Stopping drinking was, to that point, the best decision I has ever made for my overall health. It remains that way. I had been drinking to excess, putting myself and others at risk, making poor choices generally, putting on what was for me an unhealthy amount of weight, and literally wasting thousands of dollars on keeping those good times, which no longer felt very good at all, rolling. When I stopped I didn’t have an agenda. I didn’t know my end game. I didn’t know what “recovery” was and I didn’t know what resolution would look like. What I knew, though, was that if I didn’t somehow get in front of this thing, something bad was going to happen. I had used up all of my luck and all of my extra lives. The only way I could begin to understand what had led me to this place was to stop and sort things out, one day at a time, as it were.
That clarity that accompanied cessation and the meditation, inflection and processing that followed was necessary for a lot of things, particularly sorting through my relationships with friends and family, and acknowledging and taking responsibility for times I was an ass in part because I used alcohol to bypass being especially thoughtful or considerate. It helped me get a sense of what was up and what was down, and the things that were getting in my way of feeling complete without the aid of a dozen or so drinks on especially enthusiastic outings.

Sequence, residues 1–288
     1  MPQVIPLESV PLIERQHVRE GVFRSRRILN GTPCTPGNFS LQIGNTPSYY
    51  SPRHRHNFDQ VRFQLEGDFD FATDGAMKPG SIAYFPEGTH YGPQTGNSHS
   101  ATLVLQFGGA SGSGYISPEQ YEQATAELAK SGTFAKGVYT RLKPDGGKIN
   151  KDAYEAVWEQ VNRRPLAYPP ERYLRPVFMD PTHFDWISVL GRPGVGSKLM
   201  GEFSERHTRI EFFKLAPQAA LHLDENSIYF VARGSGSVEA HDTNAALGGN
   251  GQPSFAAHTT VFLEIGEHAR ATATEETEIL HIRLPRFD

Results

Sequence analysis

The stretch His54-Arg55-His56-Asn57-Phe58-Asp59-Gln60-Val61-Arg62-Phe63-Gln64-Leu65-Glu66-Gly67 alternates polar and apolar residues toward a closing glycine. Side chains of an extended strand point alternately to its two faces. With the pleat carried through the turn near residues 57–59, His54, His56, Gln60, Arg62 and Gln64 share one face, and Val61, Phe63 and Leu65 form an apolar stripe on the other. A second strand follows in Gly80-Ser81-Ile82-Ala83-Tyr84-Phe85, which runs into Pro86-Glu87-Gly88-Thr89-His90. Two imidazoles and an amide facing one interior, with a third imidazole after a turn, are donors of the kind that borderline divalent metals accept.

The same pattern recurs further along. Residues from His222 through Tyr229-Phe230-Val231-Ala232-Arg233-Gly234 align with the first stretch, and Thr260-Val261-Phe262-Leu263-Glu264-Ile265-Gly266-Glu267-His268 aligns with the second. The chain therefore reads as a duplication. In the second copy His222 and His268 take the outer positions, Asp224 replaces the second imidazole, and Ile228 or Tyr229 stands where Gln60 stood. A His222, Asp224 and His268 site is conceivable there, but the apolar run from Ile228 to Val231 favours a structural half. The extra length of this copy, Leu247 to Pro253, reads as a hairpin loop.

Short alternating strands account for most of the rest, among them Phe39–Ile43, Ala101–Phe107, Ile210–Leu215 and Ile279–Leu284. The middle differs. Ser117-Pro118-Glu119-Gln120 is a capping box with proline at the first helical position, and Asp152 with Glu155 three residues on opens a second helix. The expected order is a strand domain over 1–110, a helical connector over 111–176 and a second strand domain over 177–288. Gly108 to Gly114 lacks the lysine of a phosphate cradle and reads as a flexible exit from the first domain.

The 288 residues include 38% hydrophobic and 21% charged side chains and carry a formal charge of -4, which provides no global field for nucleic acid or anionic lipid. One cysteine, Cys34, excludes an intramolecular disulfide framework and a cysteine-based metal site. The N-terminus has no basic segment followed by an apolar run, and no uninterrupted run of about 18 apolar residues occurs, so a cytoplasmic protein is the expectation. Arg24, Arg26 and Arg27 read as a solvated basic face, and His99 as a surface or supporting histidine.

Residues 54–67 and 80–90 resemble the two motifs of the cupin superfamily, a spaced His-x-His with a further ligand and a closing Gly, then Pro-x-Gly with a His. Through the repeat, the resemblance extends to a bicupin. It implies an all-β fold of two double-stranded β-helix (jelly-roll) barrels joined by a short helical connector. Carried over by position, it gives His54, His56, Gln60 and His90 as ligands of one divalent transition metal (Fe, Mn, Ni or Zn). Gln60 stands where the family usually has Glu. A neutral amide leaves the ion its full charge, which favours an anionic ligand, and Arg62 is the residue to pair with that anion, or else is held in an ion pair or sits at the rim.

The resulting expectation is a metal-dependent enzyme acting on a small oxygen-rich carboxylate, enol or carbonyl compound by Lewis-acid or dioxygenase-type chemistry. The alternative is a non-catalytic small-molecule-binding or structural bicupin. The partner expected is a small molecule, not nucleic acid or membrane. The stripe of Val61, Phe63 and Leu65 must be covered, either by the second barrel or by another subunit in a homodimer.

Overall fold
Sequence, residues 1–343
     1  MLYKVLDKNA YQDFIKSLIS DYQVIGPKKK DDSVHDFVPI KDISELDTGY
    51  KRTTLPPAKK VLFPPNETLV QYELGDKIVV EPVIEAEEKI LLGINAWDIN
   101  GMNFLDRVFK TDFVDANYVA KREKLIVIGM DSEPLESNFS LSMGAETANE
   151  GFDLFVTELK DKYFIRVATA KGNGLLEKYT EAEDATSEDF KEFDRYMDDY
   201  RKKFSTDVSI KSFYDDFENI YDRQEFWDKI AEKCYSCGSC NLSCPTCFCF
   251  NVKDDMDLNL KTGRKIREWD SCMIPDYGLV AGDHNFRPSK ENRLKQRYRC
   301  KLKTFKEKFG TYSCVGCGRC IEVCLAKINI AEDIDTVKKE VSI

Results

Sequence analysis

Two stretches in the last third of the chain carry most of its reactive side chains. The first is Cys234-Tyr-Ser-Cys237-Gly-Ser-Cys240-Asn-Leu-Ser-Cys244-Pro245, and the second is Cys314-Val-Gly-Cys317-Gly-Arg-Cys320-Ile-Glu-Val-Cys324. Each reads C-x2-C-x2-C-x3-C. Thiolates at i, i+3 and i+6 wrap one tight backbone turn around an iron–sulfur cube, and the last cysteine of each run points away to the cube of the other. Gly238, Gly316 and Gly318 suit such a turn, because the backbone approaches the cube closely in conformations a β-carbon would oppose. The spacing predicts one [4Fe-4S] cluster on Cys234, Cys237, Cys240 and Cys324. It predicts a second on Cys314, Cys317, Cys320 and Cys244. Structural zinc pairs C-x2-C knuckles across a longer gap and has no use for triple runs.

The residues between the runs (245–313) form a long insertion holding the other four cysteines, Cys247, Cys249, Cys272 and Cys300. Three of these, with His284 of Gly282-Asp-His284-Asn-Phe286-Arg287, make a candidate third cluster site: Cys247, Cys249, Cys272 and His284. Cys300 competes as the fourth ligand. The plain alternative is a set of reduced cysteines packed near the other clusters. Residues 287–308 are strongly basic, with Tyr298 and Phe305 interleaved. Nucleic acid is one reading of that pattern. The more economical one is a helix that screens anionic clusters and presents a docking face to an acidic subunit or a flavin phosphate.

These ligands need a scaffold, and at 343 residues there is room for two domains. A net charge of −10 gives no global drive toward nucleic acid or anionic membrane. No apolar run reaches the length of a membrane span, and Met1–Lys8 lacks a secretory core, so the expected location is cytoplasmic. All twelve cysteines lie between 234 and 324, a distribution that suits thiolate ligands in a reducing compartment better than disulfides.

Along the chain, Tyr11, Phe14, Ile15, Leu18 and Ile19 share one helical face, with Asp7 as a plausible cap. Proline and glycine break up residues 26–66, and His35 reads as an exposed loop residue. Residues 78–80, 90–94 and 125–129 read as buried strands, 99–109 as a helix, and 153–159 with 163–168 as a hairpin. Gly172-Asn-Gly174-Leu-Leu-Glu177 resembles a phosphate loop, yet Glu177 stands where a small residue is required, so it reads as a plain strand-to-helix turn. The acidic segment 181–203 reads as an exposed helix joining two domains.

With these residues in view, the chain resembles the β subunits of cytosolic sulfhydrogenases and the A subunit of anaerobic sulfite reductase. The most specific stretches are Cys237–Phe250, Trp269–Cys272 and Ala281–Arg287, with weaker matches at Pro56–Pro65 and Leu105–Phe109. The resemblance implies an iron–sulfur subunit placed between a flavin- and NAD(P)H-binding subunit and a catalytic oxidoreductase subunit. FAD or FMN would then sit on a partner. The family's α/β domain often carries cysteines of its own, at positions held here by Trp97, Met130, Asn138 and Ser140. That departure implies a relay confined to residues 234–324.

I’m not “cured” by any means; I don’t think that’s a thing. I am, as I have illustrated in the past, prone to excess and to seeking unhealthy ways to shut my brain down. These tendencies will generally require that I continue to check in with myself regularly to ensure that I am not heading down another rough patch, or lying to myself about whether or not this is the case. I needed to stop in order to work out a lot of stuff, and to be honest with myself about my behavior. I needed to stop in order to find some sliver of clarity to help me articulate what I was going through to others, and particularly my loved ones. I needed to stop to sort through a lot of stuff that I was going on internally that I hadn’t confronted for a long, long time, and which I am still working on and through.